Sub-Saharan Africa

Sub-Saharan Africa remains the worst-affected region in the world. Across the region, rates of new HIV infections peaked in the late 1990s, and a few of its epidemics show recent declines, notably in Kenya, Zimbabwe and in urban areas of Burkina Faso. Overall, HIV prevalence in this region appears to be levelling off, albeit at exceptionally high levels in southern Africa. Such apparent 'stabilization' of the epidemic reflects situations where the numbers of people being newly infected with HIV roughly match the numbers of people dying of AIDS-related illnesses.

A little more than one-tenth of the world's population live in sub-Saharan Africa which is home to almost 64% of all people living with HIV--24.5 million [21.6 million--27.4 million]. Two million [1.5 million--3.0 million] of them are children younger than 15 years of age. Indeed, almost nine in ten children (younger than 15 years) living with HIV are in sub-Saharan Africa. An estimated 2.7 million [2.3 million--3.1 million] people in the region became newly infected, while 2.0 million [1.7 million--2.3 million] adults and children died of AIDS. There were some 12.0 million [10.6 million--13.6 million] orphans living in sub-Saharan Africa in 2005.

Three-quarters of all women (15 years and older) living with HIV are in sub-Saharan Africa. In most of the region, women are disproportionately affected by AIDS, compared with men expressions of the often highly unequal social and socioeconomic status of women and men. Women comprise an estimated 13.2 million [11.4 million-15.1 million] or 59% of adults living with HIV in Africa south of the Sahara.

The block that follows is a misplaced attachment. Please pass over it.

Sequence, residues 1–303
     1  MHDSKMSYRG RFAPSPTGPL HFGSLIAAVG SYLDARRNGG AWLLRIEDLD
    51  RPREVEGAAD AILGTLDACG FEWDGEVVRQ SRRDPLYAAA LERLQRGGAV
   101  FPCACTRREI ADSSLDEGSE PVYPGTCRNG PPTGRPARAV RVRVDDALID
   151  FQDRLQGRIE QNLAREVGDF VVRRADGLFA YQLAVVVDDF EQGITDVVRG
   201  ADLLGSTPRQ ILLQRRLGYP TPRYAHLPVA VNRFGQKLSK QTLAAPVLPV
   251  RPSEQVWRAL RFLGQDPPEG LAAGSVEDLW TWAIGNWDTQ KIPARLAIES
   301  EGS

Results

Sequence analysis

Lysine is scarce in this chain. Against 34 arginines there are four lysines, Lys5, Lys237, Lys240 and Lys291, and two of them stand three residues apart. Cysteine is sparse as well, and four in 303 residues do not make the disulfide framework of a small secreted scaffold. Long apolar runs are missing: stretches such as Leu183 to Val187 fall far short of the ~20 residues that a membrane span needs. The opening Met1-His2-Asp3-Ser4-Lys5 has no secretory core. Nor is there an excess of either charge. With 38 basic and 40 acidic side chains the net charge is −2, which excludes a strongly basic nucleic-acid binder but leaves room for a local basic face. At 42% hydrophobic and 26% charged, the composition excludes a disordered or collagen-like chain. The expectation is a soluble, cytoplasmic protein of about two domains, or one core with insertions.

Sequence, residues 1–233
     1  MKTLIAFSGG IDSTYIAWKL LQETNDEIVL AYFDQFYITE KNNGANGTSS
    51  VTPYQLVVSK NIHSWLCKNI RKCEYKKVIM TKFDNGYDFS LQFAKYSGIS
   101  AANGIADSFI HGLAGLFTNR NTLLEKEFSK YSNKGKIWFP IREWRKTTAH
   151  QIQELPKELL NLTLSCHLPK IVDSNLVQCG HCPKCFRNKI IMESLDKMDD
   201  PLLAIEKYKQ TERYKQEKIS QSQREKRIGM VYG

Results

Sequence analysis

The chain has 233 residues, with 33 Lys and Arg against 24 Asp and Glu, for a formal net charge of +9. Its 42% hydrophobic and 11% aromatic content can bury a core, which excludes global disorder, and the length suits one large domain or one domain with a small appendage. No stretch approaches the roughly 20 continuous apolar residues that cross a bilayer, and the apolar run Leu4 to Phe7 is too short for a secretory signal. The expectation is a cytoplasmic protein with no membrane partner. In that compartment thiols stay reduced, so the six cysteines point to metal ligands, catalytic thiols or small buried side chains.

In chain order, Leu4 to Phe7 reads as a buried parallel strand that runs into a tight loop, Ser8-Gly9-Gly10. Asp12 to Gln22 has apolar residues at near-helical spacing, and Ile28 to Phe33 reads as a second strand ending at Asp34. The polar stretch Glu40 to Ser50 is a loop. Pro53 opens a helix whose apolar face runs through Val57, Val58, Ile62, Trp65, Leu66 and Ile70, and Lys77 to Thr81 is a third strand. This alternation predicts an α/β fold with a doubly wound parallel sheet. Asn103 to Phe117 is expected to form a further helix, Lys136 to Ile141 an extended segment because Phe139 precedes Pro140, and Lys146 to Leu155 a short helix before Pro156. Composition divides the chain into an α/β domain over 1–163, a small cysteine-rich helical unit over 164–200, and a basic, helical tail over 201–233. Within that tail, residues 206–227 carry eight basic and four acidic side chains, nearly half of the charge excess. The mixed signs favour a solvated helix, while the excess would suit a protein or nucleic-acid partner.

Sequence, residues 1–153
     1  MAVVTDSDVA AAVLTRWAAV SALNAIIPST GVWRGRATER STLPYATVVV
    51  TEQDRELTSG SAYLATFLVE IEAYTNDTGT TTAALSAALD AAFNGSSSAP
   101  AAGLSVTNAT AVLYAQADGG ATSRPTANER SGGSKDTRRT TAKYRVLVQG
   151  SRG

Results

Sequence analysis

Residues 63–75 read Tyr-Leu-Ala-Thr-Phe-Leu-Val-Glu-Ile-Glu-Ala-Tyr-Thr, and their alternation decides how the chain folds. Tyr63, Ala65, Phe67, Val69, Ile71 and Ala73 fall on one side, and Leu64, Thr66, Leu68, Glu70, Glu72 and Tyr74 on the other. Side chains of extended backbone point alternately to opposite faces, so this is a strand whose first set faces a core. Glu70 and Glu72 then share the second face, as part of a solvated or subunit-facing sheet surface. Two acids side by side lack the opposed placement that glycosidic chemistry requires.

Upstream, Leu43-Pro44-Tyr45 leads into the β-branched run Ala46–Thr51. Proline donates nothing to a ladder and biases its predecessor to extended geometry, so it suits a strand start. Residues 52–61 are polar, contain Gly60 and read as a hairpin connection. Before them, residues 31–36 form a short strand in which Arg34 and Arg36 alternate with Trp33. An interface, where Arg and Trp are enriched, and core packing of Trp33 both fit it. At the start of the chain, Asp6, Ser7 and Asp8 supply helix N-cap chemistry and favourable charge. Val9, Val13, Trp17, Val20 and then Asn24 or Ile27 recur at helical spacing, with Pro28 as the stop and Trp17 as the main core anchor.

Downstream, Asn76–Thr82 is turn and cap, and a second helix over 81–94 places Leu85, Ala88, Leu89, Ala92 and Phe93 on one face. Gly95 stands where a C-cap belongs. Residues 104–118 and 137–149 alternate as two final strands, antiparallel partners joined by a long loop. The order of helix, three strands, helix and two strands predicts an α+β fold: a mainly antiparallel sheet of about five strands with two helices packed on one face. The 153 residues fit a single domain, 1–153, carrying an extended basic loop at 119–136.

An estimated 930,000 [790,000-1.1 million] adults and children died of AIDS in southern Africa in 2005-one-third of all AIDS deaths globally. Access to antiretroviral therapy has increased more than eight-fold since the end of 2003, with about 810,000 people on treatment in December 2005. About one in six (17%) of the 4.7 million people in need of antiretroviral therapy in this region now receive it. Progress is uneven, however, with coverage reaching or exceeding 50% in only three countries (Botswana, Namibia and Uganda) but remaining below 20% in most others. South Africa accounts for one-quarter of all people receiving antiretroviral therapy in sub-Saharan Africa (WHO/UNAIDS, 2006).

It bears reminding that there is no single, 'African' epidemic, and that HIV prevalence varies significantly between and within subregions and countries. Such general trends in HIV prevalence therefore should not obscure the highly varied nature of the AIDS epidemics underway throughout this region.

Southern Africa remains the global epicentre of the epidemic. Almost one in three people infected with HIV globally live in this subregion. About 43% (860,000 [560,000-1.4 million]) of all children (under 15 years) living with HIV are in southern Africa, as are approximately 52% (6.8 million [5.9 million-7.7 million]) of all women (15 years and older) living with HIV.

Except in Angola, national HIV infection levels are exceptionally high and show no signs of abating. (In Angola's case, isolation and inaccessibility of the population during the country's prolonged conflict may have served to restrict the spread of HIV.) However, in Zimbabwe, data from national sentinel surveillance, and national and local community-based surveys show a declining trend in HIV prevalence. National adult HIV prevalence is estimated at 20.1% [13.3%-27.6%], down from 22.1% [14.6%-30.4%] in 2003. HIV prevalence among pregnant women attending antenatal clinics fell from 32% in 2000 to (a still-very-high) 24% in 2004, while in Harare it declined from 35% in 1999 to 21% in 2004 (Mahomva et al., 2006; Hargrove et al., 2005; Mugurungi et al., 2005). ...